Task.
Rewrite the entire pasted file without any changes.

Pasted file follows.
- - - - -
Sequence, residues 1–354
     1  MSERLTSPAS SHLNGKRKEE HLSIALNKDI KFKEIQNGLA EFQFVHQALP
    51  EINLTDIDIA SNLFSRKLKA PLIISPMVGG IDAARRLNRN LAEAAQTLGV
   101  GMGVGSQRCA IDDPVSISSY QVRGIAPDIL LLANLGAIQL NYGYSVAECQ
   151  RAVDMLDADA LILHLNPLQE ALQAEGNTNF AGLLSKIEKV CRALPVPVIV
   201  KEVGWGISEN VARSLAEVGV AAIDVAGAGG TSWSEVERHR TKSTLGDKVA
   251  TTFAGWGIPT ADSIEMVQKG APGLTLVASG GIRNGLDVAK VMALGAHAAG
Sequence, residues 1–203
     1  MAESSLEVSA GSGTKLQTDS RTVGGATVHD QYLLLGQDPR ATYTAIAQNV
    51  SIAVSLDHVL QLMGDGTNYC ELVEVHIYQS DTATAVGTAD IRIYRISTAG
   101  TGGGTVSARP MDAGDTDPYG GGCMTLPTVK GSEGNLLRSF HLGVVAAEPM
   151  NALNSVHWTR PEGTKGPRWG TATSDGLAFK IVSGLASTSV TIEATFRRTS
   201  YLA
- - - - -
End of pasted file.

Sequence, residues 1–354
     1  MSERLTSPAS SHLNGKRKEE HLSIALNKDI KFKEIQNGLA EFQFVHQALP
    51  EINLTDIDIA SNLFSRKLKA PLIISPMVGG IDAARRLNRN LAEAAQTLGV
   101  GMGVGSQRCA IDDPVSISSY QVRGIAPDIL LLANLGAIQL NYGYSVAECQ
   151  RAVDMLDADA LILHLNPLQE ALQAEGNTNF AGLLSKIEKV CRALPVPVIV
   201  KEVGWGISEN VARSLAEVGV AAIDVAGAGG TSWSEVERHR TKSTLGDKVA
   251  TTFAGWGIPT ADSIEMVQKG APGLTLVASG GIRNGLDVAK VMALGAHAAG
Sequence, residues 1–203
     1  MAESSLEVSA GSGTKLQTDS RTVGGATVHD QYLLLGQDPR ATYTAIAQNV
    51  SIAVSLDHVL QLMGDGTNYC ELVEVHIYQS DTATAVGTAD IRIYRISTAG
   101  TGGGTVSARP MDAGDTDPYG GGCMTLPTVK GSEGNLLRSF HLGVVAAEPM
   151  NALNSVHWTR PEGTKGPRWG TATSDGLAFK IVSGLASTSV TIEATFRRTS
   201  YLA